June 28, 2024

HUD: New Resources and Research Launched to Support LGBTQI+ Americans During Pride Month

HUD released a new website and research that will enhance data collection, identify barriers, and help LGBTQI+ people find housing assistance.

During this Pride Month, the U.S. Department of Housing and Urban Development (HUD) took action to protect LGBTQI+ Americans, taking crucial steps to uplift resources and best practices for housing providers, so no one must choose between being housed and feeling welcomed. This strategy is a collaboration between HUD’s Offices of Community Planning and Development, Fair Housing and Equal Opportunity, Public and Indian Housing, Housing, and Policy Development and Research, demonstrating HUD’s united commitment to reducing barriers and protecting LGBTQI+ Americans.

“Having stable housing is essential to the foundation upon which individuals can build a better future and thrive,” said HUD Acting Secretary Adrianne Todman. “This Pride Month, HUD has taken important measures to ensure LGBTQI+ individuals have the resources they need to find affordable housing and support in their communities.”

On June 25, HUD released a PD&R Edge article that identifies barriers LGBTQI+ homeless youth and young adults (YYA) face when accessing shelter and stable housing, as well as best practices providers could take to support this population. Homelessness is a persistent and growing problem which disproportionately affects LGBTQI+ youth. In 2023, approximately 8,000 unsheltered individuals identified as transgender, a gender that is not singularly female or male, or gender questioning according to HUD’s Annual Homelessness Assessment Report.

The article draws on more than six months of listening sessions with approximately 30 LGBTQI+ youth and 45 service providers across five metro areas. LGBTQI+ youth and young adults voiced the need for youth-focused affirming shelter spaces, trauma informed and culturally competent practices, sustained care and service continuity even after finding permanent housing, and more education on how to report instances of discrimination.

“Today’s young adults are tomorrow’s adults and too many have been left behind, unsheltered and victimized by housing discrimination,” said Demetria McCain, Principal Deputy Assistant Secretary for Fair Housing and Equal Opportunity. “A healthy society is one that takes care of its most vulnerable which HUD strives to do.”

“Over the past few months, the HUD team has met with LGBTQI+ youth and young adults and service providers in Atlanta, Memphis, Dallas, Prince George’s County, and New York City where they talked with us frankly about their unique needs,” said Marion McFadden, Principal Deputy Assistant Secretary McFadden for Community Planning and Development. “They should be focused on building their futures but instead are struggling to keep a roof over their heads. Everyone seeking support in hard times deserves respect, so I am grateful to those who articulated ways to improve our programs.”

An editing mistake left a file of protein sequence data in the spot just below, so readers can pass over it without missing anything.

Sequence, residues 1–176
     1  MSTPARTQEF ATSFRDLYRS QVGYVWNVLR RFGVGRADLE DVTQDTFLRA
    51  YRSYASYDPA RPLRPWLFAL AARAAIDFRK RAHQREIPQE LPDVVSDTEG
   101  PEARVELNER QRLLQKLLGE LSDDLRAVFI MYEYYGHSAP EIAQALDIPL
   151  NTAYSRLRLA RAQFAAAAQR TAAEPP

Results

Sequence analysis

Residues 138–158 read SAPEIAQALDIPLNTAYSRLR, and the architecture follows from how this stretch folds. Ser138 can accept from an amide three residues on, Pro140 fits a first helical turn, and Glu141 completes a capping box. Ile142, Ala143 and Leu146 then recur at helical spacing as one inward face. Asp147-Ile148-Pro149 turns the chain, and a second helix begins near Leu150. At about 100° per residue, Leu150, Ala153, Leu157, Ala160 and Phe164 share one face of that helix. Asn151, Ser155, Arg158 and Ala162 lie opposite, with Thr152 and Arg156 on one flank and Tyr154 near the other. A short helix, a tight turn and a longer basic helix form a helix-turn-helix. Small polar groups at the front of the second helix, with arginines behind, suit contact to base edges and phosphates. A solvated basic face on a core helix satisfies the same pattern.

This is not all – HUD also released another PD&R Edge article, which discusses actions to gather and safeguard data and support LGBTQI+ Americans. Since publishing the Sexual Orientation and Gender Identity (SOGI) Data Action Plan in March 2023, HUD has made considerable progress in collecting, planning, and coordinating data, furthering HUD’s goal to support underserved communities, ensure LGBTQI+ Americans have fair and equal access to housing, and provide access to quality, affordable homes for all.

“HUD’s SOGI Data Action Plan demonstrates the agency’s commitment and plans to assess, improve, and monitor the health and well-being of LGBTQI+ Americans over time. These data are crucial for developing effective strategies that address the specific challenges that LGBTQI+ individuals face,” said Solomon Greene, Principal Deputy Assistant Secretary Solomon Greene for Policy Development and Research. “We are committed to integrating these insights and implementing equitable data collection in our research and policy development.”

Additionally, HUD launched a new website that consolidates resources for the LGBTQI+ community. This new resource contains information for shelters and housing providers on how to comply with laws and regulations protecting LGBTQI+ Americans from discrimination and provide services in an inclusive manner. The website also directs LGBTQI+ people who believe they have experienced housing discrimination to file a complaint. In addition, the website assists individuals with finding assistance and shelter and links to important research that has been done on the housing needs of the LGBTQI+ community.

These actions are only the latest effort in HUD’s continued work to address homelessness and provide access to affordable housing for LGBTQI+ Americans. For additional information on how the Biden-Harris Administration is supporting the LGBTQI+ community, please see the White House Fact Sheet on actions across the federal government.

This post was originally published here.